The practice had been reviewed and upheld by the European Court of Human Rights, he said, specifically in the case of Carlos the Jackal, a terrorist captured in Sudan in 1994 and rendered back to France, where he is now imprisoned. It used to be that finding terror suspects and bringing them to justice ‘was a heroic thing to do [‘] people were applauding this’, he continued.

Asked why terror suspects would be transferred abroad for interrogation if it was not to evade human rights protections, the official said that in the majority of cases, renditions took place because an individual captured in one country was wanted by another country. ‘What happens is, all intelligence agencies around the world share information with each other and cooperate with each other,’ he said.


If an individual was picked up by the security services of one country, which then discovered that person was wanted by or was on the watch list of another country, then instead of simply letting them go the security services would transfer them over, he explained.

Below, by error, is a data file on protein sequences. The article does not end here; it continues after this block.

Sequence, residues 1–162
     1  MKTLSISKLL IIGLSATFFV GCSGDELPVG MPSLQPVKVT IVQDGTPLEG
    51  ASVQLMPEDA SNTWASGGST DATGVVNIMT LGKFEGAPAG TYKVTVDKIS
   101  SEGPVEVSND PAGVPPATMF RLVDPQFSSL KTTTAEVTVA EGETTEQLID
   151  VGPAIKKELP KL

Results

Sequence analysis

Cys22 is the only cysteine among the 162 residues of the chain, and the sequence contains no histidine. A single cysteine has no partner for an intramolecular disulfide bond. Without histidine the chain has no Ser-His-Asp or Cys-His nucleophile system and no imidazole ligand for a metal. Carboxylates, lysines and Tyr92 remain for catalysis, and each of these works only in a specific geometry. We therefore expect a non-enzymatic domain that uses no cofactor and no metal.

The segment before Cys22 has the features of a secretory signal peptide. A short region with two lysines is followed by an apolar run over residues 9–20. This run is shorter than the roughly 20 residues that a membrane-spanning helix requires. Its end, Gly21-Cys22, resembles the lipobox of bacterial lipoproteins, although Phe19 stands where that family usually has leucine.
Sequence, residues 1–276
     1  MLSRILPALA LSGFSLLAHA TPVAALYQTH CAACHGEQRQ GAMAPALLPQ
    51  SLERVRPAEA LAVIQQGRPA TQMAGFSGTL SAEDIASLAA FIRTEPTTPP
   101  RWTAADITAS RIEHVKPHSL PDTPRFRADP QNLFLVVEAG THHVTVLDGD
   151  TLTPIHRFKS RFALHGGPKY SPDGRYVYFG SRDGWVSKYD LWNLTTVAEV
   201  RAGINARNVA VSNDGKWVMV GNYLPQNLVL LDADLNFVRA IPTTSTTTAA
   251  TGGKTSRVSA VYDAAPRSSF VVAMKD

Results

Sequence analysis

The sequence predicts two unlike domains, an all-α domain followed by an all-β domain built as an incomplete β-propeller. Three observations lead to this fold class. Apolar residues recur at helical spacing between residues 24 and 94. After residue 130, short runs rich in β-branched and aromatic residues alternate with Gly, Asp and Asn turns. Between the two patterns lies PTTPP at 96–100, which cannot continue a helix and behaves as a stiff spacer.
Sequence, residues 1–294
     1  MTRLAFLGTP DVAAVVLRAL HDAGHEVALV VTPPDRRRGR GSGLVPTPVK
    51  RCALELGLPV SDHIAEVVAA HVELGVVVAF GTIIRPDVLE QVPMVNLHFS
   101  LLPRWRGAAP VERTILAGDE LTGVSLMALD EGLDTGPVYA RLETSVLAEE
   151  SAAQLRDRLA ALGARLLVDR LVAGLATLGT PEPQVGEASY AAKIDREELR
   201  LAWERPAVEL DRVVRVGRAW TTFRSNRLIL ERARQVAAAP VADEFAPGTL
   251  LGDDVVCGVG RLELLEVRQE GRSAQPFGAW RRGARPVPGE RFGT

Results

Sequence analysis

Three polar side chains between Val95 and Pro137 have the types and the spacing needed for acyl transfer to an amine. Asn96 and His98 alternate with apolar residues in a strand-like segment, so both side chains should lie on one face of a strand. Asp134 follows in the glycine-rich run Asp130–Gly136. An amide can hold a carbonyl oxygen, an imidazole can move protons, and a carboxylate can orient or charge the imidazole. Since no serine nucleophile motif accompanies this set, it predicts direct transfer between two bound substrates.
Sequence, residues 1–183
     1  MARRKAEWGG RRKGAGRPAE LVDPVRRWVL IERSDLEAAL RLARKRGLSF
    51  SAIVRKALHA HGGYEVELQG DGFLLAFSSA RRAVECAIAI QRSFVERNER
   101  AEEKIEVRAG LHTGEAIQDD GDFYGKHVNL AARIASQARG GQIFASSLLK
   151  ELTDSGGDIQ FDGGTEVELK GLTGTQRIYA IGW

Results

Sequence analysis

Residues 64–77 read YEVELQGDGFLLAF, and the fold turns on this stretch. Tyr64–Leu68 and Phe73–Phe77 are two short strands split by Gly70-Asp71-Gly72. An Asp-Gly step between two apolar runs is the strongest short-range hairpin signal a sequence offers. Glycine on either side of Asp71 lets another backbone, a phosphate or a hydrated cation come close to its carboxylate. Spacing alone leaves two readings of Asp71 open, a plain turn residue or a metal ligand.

“The United States is basically the only country in the world that has the intelligence services and the resources to perform such a service,” he added. If someone was wanted in the US, or suspected by the US authorities of links to terrorism or terrorist-related activities, he or she would in most cases be rendered back to the US, he said.